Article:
We all want to be amazed when we sit down at the table to play. We want to be immersed in a rich and exciting world that doesn't get in our way (too much) yet still makes an impact. We want to deal with intriguing and varied NPCs, drive a story that excites us, and possibly learn something new as well as (let's face it) have a chance to either be kick ass and empowered or cathartically exploring a disempowering situation (sometimes even a mix of both). We want a lot, really. Most of all, though, what we don't want is to be bored.
Sure every players' interests are different and each players' boredom thresholds are different as well. I'd be climbing up the walls if I had to cope with a dungeon bash where the creatures come thick and fast and combat (perhaps a few traps) are the bread and butter. You might adore that but despise weirdly nonsensical horror settings where the atmosphere is so thick it could choke you and survival means a hundred different brands of stealth. We might have a bit of trouble if we're in the same game but if we're not than it hardly matters that the minutiae of our preferences are so different.
What matters is that our GMs are feeling creative, stimulated and innovative.
How to do that?
Well, one thing's for sure ... don't drain those reservoirs by making them spend more time troubleshooting than being inspired and planning ahead. Deal with your own issues with other players by being tactful, assertive and willing to compromise. We need to help each other balance the limelight and not get in the way of vital pieces of plot that one person might enjoy more than the other. Why not send Little Miss Stealthy in to the building alone to do something that seems simple when the GM indicates its a worthy option? Why get between Mr. Combat Brawler and his guilt free bashing of some thugs by shooting in the air and scaring them off?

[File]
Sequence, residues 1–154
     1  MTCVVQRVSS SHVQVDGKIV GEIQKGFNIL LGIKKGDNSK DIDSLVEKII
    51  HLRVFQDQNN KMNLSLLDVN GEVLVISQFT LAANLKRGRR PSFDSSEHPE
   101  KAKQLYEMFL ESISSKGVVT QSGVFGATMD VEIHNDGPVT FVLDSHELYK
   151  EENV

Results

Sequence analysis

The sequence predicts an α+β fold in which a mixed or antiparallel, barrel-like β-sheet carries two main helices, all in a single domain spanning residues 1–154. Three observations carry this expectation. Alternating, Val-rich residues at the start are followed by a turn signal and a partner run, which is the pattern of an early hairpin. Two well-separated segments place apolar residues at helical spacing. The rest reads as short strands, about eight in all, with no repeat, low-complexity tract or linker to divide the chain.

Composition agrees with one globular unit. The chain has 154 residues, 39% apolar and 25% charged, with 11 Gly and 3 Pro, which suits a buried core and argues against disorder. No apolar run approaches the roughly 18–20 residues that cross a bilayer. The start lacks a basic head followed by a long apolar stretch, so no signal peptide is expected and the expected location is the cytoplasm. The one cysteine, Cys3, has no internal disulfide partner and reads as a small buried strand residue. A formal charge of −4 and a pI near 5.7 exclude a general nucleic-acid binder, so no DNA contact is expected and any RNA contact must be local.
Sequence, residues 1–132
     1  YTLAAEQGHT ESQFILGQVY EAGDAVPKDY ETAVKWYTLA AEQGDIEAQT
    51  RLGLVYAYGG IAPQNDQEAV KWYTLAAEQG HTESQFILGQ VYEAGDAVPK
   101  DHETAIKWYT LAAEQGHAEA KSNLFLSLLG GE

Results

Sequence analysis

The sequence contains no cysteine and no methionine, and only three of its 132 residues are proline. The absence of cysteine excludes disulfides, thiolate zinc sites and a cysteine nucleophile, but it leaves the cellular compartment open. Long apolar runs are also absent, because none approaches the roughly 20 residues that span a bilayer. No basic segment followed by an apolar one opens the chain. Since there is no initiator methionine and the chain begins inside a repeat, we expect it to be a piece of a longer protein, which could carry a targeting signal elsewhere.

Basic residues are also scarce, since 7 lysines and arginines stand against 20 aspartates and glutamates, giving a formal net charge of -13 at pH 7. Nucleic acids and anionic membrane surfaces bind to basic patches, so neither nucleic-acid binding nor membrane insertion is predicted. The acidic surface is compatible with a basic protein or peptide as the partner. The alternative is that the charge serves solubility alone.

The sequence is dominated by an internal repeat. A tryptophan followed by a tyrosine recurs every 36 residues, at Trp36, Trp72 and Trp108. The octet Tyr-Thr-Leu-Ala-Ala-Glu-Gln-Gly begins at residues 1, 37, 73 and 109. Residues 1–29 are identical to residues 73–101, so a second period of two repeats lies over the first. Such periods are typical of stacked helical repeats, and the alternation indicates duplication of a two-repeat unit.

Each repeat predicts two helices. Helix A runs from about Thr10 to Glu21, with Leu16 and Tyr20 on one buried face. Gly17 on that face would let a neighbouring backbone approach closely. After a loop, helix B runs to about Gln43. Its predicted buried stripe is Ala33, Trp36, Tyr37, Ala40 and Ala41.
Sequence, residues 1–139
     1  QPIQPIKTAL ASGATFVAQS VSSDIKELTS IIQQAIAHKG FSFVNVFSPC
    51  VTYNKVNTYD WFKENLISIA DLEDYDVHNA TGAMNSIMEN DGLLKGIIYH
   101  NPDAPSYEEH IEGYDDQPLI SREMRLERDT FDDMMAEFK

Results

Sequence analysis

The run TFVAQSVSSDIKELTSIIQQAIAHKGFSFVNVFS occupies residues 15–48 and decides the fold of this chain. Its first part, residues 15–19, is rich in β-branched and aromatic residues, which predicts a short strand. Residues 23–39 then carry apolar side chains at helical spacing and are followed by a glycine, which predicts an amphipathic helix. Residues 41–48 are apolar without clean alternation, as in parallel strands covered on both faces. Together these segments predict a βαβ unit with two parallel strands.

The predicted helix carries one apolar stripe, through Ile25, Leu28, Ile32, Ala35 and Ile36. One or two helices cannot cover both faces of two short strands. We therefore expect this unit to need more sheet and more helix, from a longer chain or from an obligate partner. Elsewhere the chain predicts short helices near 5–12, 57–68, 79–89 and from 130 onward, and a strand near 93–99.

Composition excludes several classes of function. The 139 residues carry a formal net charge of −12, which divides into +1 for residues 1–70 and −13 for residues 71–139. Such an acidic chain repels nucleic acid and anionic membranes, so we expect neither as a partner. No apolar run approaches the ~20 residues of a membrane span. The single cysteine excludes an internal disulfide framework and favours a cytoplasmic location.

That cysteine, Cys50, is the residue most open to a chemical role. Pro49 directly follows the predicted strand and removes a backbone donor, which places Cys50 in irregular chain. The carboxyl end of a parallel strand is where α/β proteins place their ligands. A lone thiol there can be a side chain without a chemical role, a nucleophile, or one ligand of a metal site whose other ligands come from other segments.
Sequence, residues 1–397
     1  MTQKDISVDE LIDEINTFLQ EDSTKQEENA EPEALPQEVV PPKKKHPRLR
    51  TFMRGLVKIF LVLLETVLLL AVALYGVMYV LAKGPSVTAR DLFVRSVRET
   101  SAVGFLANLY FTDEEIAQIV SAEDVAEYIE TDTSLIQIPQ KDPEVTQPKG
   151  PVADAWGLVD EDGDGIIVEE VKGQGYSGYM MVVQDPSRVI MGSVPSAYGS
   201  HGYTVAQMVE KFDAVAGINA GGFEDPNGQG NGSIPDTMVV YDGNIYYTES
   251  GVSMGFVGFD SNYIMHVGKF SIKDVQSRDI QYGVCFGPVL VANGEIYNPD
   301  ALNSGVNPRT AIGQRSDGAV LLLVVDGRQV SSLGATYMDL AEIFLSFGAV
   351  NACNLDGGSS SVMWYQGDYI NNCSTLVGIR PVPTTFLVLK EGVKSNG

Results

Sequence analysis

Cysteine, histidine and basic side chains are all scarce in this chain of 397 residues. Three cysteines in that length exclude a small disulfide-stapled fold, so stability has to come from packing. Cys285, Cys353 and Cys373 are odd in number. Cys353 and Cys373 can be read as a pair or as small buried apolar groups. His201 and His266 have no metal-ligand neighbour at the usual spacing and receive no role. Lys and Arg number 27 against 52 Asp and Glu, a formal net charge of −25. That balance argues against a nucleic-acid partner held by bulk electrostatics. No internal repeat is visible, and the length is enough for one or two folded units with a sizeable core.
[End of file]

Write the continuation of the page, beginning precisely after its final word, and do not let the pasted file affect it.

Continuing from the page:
Also, why run away from the plot (rather than the creatures) when a tweak or moment of bad judgement on your character's part could set them irrevocably on their course? Why not help another character make that leap as well by pointing out why it should matter to them? Sure realism and character immersion is important but every hour of character corralling on your GM's part is going to be a brain drain. Calculate whether that hour of plot fleeing is really worth it. If it really, really is (and sometimes, such is life) then go for it but perhaps make it easy next time.
So now that we've gotten What Not To Do out of the way, let's look at the positives.
Firstly, what makes your GM's eyes light up?
During the next session, actually sit back and pay attention to that. Is it when you pick up that notepad to go over the old clues? Is it when you have a eureka moment? When you described that awesome spell in all of its gesture-word-effect glory? When you helpfully mentioned a rule that the GM was about to look up? When you admired the prop they provided? When you stayed in character? When you happily bantered out of character? When you provided your own miniatures, pencils, dice? When you shouted everyone pizza? When you actually donated dice, miniatures or even a book to the GM's cause (gaming is expensive, after all, especially for GMs)? When your characters got along? When your characters fought? When your character had a little freak out moment in the corner?